Tuesday, March 13, 2018

New York in the gloom.

I like New York when it is wet like an old sponge and every umbrella you see is turned inside out from the wind or else stands sentinel in a beaten trash can full of them.

I like New York in the dark and grey gloom when the sky sits just above the tenements and scowls like an old man short-changed for soup at a lunch counter.

I like New York when the color is gone save for the white silver glow of street lamps and the spindly trees in the park look like they grew fully formed from an old Edward Weston photograph.

In the last ten days, the news has told me, we have had in New York three winter storms, including today’s slug in the rib cage. The city moves to the haunt of Wagner’s Gotterdammerung or maybe something dark and gutter scraping by Thelonius. Or maybe something by Sonny Terry--a dark Delta blues number because the city feels like a woman who hurt you.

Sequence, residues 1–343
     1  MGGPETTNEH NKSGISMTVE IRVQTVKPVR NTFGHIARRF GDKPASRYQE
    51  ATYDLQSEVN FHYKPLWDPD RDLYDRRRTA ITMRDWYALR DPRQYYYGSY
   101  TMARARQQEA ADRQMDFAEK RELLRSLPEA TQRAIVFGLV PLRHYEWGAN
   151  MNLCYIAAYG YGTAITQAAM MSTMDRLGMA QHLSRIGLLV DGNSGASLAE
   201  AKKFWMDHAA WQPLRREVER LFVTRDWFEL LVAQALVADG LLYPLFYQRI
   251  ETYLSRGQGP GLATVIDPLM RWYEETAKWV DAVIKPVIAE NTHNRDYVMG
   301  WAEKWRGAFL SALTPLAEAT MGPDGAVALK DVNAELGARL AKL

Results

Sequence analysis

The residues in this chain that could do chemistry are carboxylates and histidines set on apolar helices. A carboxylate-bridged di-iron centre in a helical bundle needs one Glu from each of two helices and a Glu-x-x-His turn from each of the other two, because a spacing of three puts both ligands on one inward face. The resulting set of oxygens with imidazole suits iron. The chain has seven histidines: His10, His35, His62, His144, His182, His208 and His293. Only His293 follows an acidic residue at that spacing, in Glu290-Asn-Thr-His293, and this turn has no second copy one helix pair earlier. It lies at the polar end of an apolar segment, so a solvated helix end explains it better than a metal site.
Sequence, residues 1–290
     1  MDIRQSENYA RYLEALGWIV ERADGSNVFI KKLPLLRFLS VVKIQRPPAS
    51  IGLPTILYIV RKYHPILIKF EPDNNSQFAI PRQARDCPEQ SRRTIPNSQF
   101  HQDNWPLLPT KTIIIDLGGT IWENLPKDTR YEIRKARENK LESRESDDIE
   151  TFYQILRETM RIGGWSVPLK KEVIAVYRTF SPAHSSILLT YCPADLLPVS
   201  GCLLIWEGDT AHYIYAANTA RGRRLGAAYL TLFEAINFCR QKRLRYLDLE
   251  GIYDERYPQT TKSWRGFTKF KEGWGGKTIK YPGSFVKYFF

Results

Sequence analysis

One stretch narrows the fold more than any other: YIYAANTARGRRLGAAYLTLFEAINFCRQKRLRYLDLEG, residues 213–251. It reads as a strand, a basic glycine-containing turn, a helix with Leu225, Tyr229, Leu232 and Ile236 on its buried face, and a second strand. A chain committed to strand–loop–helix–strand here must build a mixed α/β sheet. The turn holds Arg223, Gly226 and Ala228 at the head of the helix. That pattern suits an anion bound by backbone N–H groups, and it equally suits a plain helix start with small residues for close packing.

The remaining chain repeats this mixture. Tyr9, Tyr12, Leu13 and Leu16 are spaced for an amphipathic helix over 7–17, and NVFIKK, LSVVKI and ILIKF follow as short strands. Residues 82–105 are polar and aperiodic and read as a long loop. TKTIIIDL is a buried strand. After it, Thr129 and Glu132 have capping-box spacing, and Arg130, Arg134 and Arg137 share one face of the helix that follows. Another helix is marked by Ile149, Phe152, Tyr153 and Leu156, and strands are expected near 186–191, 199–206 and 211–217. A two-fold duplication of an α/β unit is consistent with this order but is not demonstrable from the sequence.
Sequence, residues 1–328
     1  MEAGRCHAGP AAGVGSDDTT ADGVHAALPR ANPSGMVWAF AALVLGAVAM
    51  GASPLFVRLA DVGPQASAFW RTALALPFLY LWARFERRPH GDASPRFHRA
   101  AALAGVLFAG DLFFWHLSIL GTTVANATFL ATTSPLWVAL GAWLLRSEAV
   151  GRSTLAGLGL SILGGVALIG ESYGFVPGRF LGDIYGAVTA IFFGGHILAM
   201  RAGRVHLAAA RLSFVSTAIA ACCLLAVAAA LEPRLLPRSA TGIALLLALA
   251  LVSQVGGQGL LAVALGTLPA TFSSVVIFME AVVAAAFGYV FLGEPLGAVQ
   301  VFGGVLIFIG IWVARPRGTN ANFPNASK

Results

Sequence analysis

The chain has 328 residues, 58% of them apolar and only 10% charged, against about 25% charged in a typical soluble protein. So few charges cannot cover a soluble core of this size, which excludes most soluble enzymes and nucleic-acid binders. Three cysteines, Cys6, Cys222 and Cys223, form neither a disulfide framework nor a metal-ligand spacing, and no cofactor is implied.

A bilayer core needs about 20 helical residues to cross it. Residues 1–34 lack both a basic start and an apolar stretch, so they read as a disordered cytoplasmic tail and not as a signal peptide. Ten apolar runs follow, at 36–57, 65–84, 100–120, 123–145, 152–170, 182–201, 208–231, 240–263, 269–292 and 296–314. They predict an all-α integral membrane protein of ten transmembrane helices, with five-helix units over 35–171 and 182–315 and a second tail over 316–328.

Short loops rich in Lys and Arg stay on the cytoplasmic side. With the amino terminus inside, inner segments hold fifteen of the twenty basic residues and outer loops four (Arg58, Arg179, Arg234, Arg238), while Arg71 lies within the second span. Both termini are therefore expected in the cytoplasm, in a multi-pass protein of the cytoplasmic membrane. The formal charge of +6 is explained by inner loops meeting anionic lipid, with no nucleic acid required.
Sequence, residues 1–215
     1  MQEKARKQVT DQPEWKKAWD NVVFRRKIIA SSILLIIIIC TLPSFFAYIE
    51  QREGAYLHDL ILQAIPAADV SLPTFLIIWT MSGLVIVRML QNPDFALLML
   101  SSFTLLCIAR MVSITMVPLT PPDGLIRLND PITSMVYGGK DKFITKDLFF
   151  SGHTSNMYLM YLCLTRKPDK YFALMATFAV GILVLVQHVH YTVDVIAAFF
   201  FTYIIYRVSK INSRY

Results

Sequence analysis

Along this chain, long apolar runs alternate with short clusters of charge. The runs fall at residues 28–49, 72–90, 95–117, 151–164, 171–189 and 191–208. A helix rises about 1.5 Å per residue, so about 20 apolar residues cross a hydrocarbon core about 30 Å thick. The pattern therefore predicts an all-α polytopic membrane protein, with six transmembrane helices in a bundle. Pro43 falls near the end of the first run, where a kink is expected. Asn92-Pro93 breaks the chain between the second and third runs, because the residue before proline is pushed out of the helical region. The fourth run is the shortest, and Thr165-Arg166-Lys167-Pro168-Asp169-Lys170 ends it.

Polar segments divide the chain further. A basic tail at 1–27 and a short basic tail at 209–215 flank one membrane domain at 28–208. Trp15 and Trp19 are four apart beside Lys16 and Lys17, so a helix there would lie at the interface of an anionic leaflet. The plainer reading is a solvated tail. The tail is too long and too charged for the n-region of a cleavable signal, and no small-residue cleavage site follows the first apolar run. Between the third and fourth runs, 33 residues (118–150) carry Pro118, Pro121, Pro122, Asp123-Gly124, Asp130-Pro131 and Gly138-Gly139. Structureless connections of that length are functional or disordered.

There’s nothing, it seems, not even climate change that can break the cop’s-rough-grip of winter. While I don’t mind the cold and wet, while I don’t mind the wind in my face and the flakes in my eyes I long, like so many of my vintage do, for the crack of the bat and the laughter of young boys as they round the bases with not a care as we reach the end of all time.

And I think, just then, as my cab avoided a waist-deep pothole and suburbanites who drive as if they’re pinballs, and I think as I so often do, of Ernest Thayer.
Oh, somewhere in this favoured land the sun is shining bright,
The band is playing somewhere, and somewhere hearts are light;
And somewhere men are laughing, and somewhere children shout,
But there is no joy in Mudville—mighty Casey has struck out.
I wait, as we all do, for the joy to return to Mudville.

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